A surprising new therapy that uses radio waves to zap the kidneys has been shown to cure high blood pressure in some patients, reports EScienceNews. Though the procedure won't replace the various medications that are currently prescribed for high blood pressure, it will likely provide an effective treatment to the minority of patients for whom these medications are ineffective.
Called renal denervation, the procedure involves zapping tiny nervous cells in the arteries of the kidneys with radio waves. It is believed that in some high blood pressure sufferers, these cells receive erroneous messages from the brain. Killing these nerve cells appears to correct the problem. The procedure is minimally invasive: the radio frequency energy is emitted by a catheter device inserted into the renal arteries through the groin.
Dr. Murray Esler of the Baker IDI Heart and Diabetes Institute of Melbourne, Australia, recently presented his findings on this new method at the European Cardiology Congress in Munich.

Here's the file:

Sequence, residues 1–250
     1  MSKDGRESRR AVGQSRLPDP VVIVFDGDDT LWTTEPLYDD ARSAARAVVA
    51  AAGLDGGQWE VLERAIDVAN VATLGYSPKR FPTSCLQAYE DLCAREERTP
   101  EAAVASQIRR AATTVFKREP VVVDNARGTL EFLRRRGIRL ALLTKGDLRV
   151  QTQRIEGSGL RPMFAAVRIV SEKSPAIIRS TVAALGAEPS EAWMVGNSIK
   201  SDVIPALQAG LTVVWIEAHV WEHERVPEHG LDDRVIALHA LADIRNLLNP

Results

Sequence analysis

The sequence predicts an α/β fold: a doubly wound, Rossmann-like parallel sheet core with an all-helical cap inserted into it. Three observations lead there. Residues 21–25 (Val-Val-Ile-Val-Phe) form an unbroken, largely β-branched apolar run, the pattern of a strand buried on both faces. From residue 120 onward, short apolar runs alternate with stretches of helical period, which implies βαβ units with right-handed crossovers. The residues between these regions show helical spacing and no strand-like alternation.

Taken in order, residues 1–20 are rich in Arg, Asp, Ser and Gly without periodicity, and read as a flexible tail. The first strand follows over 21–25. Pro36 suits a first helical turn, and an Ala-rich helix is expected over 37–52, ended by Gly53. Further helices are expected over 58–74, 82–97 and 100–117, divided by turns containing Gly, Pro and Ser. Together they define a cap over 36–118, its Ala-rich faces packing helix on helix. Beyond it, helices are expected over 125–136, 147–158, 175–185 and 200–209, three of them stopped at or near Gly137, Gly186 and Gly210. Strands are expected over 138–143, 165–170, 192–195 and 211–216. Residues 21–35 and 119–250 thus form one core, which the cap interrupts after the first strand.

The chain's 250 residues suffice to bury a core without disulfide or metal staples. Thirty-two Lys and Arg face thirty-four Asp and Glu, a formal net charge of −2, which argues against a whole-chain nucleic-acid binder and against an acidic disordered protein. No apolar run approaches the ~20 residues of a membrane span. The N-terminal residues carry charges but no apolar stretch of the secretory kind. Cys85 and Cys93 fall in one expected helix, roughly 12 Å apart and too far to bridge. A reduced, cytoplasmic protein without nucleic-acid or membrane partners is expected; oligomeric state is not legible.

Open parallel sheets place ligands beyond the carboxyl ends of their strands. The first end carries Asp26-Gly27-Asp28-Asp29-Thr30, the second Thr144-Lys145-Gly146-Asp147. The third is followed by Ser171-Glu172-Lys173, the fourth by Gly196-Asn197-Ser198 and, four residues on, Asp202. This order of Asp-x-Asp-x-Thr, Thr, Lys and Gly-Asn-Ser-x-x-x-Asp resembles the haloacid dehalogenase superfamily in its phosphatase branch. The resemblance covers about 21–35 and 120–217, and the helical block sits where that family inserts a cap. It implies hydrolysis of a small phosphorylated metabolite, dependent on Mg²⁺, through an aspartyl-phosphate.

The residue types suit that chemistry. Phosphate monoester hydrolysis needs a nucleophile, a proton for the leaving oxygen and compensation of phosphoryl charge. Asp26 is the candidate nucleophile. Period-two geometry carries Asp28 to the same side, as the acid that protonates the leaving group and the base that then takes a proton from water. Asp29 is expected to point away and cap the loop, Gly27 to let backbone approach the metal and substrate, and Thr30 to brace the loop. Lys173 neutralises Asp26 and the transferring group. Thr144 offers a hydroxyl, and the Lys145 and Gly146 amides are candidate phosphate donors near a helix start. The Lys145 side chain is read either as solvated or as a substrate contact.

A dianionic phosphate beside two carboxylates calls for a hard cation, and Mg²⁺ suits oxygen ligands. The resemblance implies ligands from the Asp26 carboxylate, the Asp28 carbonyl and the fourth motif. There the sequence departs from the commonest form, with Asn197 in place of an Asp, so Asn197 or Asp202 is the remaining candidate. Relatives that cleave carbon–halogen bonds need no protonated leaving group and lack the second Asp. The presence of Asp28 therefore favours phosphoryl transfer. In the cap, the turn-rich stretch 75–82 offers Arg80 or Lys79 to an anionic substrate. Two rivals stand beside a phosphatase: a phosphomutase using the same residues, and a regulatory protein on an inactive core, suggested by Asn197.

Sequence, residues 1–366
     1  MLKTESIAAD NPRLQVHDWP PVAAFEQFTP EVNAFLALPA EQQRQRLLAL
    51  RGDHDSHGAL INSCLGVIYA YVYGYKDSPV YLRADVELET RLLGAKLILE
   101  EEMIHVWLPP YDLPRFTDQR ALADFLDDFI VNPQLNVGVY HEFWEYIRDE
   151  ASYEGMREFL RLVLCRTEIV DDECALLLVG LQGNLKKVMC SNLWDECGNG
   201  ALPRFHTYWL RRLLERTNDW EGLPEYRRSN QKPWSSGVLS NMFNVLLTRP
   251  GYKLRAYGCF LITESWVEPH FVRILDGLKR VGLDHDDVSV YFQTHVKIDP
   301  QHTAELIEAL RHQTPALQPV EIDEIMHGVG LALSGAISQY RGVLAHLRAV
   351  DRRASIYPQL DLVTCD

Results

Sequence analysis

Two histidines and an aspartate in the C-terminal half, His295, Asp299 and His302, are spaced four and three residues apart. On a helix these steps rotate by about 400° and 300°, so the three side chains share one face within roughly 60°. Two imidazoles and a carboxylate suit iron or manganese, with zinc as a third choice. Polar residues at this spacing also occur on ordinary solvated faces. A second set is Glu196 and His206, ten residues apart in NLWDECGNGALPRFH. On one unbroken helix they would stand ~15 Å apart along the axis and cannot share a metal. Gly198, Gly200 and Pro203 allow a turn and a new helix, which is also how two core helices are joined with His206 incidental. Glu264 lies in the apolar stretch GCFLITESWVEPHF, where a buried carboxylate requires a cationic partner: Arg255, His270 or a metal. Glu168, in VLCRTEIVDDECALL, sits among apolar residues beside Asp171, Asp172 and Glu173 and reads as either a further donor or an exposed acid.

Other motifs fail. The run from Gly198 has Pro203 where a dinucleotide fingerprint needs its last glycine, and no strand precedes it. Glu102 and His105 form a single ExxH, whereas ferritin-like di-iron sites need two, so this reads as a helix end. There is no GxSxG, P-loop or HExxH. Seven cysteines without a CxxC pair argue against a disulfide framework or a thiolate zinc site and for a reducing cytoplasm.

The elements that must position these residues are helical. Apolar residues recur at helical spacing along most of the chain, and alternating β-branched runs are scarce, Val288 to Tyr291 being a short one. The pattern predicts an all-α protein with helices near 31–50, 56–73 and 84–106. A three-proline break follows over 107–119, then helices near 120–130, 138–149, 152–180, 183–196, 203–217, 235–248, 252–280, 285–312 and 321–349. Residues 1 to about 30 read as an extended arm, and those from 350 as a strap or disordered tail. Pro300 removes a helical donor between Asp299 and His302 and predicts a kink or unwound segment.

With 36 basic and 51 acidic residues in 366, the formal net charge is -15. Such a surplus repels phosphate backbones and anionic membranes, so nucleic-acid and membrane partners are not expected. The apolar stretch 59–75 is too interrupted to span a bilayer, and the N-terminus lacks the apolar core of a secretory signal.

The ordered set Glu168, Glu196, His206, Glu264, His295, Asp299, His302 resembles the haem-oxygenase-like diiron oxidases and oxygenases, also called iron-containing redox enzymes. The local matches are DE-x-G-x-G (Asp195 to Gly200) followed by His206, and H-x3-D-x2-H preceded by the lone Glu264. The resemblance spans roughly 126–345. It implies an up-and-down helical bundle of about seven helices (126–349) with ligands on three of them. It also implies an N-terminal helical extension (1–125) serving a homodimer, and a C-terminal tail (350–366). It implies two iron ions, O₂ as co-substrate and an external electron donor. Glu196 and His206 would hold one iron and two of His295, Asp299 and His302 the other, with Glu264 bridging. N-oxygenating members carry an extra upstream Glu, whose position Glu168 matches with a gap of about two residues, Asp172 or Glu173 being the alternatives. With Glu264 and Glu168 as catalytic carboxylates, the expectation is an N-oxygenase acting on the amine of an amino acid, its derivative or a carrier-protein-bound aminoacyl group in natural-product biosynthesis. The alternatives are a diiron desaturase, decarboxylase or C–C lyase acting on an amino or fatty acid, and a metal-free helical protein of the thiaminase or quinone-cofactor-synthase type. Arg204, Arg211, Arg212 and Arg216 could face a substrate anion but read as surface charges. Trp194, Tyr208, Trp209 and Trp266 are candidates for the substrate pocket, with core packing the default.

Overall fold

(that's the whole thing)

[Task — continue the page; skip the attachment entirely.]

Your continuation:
[See also: What everyone should know about blood pressure]
Normal blood pressure is about 120/80, and those involved in the study had blood pressure readings of at least 178/97. Esler and his colleagues found that those who underwent the procedure continued to show a blood pressure reduction of between 28/11 and 32/12 a full 18 months later.
"We are encouraged to see renal denervation shows substantial and sustained reduction in treatment-resistant patients," Esler was quoted as saying by the Daily Mail. While this is exciting news, Professor Peter Weissberg of the British Heart Foundation cautioned that it would only be used for the small subset of patients who were not responding to traditional treatment methods. "This is a relatively small group who will be offered it as an alternative," Weissberg told the Daily Mail, "but until now there hasn't been one."
According to the Heart and Stroke Foundation of Canada, an estimated six million Canadians have high blood pressure -- about 19 per cent of the adult population. Renal denervation is expected to be available in Britain by next spring; if the above numbers are any indication, Canada will be a much healthier place if the treatment makes its way across the pond in the not-too-distant future.
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